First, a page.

Why should I study Religious Studies?

Religious Studies is a highly valued A level that can complement both science and humanities subjects. It is chosen by students who want to explore philosophical and ethical questions such as does God exist? Why is there so much evil in the world? Is euthanasia morally acceptable? etc. It is essentially a training of the mind and often appeals to those who wish to aspire to professions in law, medicine, education and business. Whether you are a theist, atheist or agnostic, you will benefit from grappling with and debating religious, philosophical and ethical issues.

What skills will I gain?

During the course you will learn how to apply concepts to difficult questions, how to think logically, how to debate, and how to approach problems from different angles. As a training of the mind, Religious Studies is a good preparation for further study at university, and will help you develop the skills needed in any profession where management and thinking skills are needed.

What will I learn?

There are three elements to the Religious Studies A level. These include:

A systematic study of Christianity including religious beliefs, values and teachings, including those linked to the nature and existence of God, the role of the community of believers, key moral principles, beliefs about the self, death and afterlife, beliefs about the meaning and purpose of life.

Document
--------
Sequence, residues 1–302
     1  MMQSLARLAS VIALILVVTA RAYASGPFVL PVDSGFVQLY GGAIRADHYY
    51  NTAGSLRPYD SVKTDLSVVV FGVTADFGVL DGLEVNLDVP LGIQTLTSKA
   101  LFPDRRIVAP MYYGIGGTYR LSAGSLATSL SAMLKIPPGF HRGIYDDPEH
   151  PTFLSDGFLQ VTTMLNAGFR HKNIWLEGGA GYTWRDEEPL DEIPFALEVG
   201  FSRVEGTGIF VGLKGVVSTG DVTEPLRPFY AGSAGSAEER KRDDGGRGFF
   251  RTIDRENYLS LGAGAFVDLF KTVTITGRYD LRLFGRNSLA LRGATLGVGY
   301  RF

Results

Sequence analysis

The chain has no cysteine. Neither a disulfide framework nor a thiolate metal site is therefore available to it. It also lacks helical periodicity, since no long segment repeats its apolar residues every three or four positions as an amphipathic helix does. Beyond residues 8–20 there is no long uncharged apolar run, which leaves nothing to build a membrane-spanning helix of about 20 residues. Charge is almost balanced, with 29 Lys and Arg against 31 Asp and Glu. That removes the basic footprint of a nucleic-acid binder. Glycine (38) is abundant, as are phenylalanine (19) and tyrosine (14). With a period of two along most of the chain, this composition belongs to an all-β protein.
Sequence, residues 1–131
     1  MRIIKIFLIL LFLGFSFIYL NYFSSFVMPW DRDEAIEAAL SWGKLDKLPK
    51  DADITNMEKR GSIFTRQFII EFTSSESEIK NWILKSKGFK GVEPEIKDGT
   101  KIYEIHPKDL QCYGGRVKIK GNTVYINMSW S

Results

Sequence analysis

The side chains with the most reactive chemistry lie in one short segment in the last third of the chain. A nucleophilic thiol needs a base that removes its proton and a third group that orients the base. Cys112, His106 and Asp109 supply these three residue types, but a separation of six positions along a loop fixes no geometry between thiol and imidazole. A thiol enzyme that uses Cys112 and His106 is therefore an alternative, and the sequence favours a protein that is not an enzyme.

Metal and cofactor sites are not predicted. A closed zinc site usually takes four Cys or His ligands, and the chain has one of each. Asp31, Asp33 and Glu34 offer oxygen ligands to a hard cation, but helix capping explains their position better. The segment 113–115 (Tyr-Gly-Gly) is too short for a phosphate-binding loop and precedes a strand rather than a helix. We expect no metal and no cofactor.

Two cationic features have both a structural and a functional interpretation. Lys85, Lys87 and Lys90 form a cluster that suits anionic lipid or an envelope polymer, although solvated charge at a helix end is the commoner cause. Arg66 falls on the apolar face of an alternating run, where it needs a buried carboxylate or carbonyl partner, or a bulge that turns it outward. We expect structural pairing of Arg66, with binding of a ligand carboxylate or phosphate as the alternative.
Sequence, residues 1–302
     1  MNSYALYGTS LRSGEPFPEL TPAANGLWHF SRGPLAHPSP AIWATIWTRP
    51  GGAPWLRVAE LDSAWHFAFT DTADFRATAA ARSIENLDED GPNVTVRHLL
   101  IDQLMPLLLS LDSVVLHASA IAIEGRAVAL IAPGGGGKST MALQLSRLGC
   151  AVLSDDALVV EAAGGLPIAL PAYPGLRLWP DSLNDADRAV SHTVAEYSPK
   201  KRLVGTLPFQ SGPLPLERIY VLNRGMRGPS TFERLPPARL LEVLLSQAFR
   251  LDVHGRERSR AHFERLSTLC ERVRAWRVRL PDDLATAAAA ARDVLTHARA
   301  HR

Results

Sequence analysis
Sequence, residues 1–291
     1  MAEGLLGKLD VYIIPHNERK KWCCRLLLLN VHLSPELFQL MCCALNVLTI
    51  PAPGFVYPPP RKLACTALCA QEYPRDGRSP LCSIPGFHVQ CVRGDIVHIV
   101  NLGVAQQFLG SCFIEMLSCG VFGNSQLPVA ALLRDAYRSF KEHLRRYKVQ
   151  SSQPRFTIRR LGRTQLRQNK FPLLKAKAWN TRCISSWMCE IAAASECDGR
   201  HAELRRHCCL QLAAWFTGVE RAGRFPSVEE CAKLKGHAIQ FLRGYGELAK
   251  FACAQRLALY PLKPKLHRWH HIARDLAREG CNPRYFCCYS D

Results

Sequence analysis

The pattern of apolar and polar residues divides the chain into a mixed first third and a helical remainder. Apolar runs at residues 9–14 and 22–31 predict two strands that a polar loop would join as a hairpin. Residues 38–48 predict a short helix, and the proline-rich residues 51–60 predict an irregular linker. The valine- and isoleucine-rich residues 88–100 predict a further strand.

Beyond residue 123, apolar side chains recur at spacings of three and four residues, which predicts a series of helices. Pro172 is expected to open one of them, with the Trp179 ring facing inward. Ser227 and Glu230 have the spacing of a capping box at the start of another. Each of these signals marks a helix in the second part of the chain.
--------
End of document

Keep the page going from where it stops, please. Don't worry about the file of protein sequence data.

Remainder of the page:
Philosophy of Religion including the nature and influence of religious experience, challenges to religious belief such as the problems of evil and suffering and philosophical language and thought through significant concepts and the works of key thinkers.

Religion and Ethics including ethical and meta-ethical language. Ethical systems compared and contrasted through the works of key thinkers, consideration of different ethical approaches including conscience, deontological and teleological systems. The application of ethical theory to two issues.

Entry requirements

You do not need to have taken Religious Studies GCSE in order to study it at A level. For those who have done GCSE Religious Studies, we would normally expect them to have achieved grade 8 or 9. A genuine interest in and aptitude for the subject is vital.

Examination Board: OCR

Mr S. Toppping
Head of Department